Breaking News: Roku Stock Soars As Netflix Rumours Gather Speed

Breaking News: Roku Stock Soars As Netflix Rumours Gather Speed

Shares in online media player manufacturer and streaming licensing company Roku (ROKU) have been given a sudden and unexpected boost today following news that the firm has rapidly closed its trading window for employees.

Rumors have begun to swirl that this development — typically something that only occurs in preparation for something that will massively impact the company’s shares — is a direct result of a potential tie-up with streaming giant Netflix (NFLX).

Roku generates a significant proportion of its revenue from advertising, an area that Netflix has expressed a serious interest in delving into following recent subscriber figure underperformance. Despite rising competition and some worrying figures from recent earnings calls, Netflix still commands a significant proportion of worldwide streaming time. A deal with or, dare we say it, purchase of Roku would see Netflix instantly add advertising to its already stellar arsenal.

Both companies are down significantly year-to-date, with falls of over 55% and 65% for Roku and Netflix respectively. Any sort of deal could be the tonic Netflix shareholders have been crying out for, but it might not be the most ideal scenario for Roku.

This isn’t the first we’ve heard of a rumored deal between the two, with MyWallSt even speculating on one previously, but this could be the first bit of concrete evidence we have that something is soon to happen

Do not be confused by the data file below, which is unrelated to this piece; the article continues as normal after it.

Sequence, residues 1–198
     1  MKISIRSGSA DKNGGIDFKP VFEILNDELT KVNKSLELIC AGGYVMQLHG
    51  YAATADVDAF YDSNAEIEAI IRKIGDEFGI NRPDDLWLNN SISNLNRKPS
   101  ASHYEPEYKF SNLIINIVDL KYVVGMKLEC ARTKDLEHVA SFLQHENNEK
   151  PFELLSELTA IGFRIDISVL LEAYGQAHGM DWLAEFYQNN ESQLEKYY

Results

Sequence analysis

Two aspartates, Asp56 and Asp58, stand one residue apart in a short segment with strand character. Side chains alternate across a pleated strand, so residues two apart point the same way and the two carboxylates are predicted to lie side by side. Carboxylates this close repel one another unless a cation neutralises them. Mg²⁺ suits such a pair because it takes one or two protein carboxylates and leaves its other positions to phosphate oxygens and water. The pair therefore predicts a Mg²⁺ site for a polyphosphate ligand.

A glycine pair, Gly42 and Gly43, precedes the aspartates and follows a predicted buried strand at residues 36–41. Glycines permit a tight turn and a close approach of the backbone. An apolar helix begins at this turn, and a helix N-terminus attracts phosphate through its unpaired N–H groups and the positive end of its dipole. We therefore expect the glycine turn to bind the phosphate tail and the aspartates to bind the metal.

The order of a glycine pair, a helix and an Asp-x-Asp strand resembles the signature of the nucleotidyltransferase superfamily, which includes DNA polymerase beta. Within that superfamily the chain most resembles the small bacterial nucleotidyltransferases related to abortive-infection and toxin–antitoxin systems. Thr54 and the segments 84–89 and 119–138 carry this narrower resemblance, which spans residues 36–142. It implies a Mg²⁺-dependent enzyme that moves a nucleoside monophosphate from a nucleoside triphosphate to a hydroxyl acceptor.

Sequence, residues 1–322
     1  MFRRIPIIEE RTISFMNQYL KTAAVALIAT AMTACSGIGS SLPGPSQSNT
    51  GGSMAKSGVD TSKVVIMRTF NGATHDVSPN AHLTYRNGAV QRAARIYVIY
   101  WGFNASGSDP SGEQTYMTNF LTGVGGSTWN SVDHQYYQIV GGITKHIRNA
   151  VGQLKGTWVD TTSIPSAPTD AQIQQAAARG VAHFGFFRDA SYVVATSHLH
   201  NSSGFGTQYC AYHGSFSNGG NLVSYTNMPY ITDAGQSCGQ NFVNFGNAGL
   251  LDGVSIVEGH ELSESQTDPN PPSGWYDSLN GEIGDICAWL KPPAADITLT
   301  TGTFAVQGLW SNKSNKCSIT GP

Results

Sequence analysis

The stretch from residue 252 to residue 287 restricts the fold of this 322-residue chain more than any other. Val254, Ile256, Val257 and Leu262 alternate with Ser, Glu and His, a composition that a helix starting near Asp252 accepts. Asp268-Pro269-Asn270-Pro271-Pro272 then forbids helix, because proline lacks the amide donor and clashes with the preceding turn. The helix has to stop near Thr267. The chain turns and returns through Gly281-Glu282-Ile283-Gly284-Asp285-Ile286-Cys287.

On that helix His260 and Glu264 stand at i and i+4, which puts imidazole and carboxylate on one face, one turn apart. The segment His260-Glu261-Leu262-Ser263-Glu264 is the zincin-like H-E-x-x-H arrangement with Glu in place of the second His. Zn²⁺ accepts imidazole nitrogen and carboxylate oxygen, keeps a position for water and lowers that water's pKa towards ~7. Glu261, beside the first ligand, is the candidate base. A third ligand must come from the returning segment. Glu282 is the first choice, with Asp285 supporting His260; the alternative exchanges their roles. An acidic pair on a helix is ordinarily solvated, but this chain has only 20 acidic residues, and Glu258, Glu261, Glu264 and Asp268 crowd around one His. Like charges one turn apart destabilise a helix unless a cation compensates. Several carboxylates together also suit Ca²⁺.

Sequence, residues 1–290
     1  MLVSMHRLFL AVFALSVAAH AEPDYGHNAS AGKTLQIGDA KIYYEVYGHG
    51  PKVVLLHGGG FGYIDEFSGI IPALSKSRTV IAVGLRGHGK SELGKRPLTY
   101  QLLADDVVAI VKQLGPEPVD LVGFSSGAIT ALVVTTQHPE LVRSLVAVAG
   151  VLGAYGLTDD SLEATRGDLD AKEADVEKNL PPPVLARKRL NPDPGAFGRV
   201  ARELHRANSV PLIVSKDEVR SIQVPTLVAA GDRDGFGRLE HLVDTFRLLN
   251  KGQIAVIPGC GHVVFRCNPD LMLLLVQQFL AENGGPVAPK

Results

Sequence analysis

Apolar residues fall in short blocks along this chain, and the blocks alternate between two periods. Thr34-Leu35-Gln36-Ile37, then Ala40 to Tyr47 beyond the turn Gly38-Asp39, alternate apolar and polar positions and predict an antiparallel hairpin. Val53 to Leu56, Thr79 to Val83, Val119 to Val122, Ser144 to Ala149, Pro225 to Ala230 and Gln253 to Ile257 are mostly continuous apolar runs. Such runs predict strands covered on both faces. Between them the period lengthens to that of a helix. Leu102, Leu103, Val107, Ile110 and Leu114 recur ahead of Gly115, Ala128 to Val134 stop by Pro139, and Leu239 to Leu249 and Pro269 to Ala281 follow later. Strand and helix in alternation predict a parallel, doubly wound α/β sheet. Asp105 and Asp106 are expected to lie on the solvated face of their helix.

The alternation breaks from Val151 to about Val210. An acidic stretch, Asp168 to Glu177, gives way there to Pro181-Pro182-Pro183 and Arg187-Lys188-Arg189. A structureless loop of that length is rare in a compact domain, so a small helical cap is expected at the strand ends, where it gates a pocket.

In order to get a greater insight into what this means for the long-term outlook for Roku, we turned to MyWallSt Financial Analyst, Anne Marie Kingsland, for her thoughts:

As some of you may remember, Roku was actually created in-house at Netflix but was spun-off to ensure it could act as a neutral, third-party during the streaming wars. Netflix didn’t want other big name streamers balking at the idea of partnering with Roku.

This has always made it my favorite stock in the ad-supported streaming space because it has the freedom to provide advertising on or for any content from any platform. There’s no need to favor one streamer over another or worry if this year’s film and TV will be any good. It’s the easy, diversified play.

If Roku were to be acquired, this advantage would go away. Undoubtedly, Roku’s promotional content and search functionality could be adjusted to favor Netflix content and this may make Disney, Amazon, and HBO walk away.

That being said, Roku has 60.1 million active accounts, making it the largest connected TV provider in the United States. Alternative streamers will have to determine if they were to leave Roku, would their viewers find them another way or would the inconvenience pose a threat to retention?

For Netflix, the move seems like a sure fire way to kick-start its ad-supported streaming. Roku has tremendous advertisement knowledge, mainly through its acquisition of Nielson’s Advanced Video Advertising business. It would appear to be the most advanced provider of targeted, streaming ads, making it an alluring value proposition to advertisers. If this technology were to end up a Netflix, it would give the streamer a needed advantage in the space as it prepares to bolster falling subscriber numbers and shore up revenue. 

Only time will tell if this deal will make it through negotiations and regulatory bodies but it sure is an interesting development in the streaming wars.

Make sure to keep an eye on MyWallSt for any further developments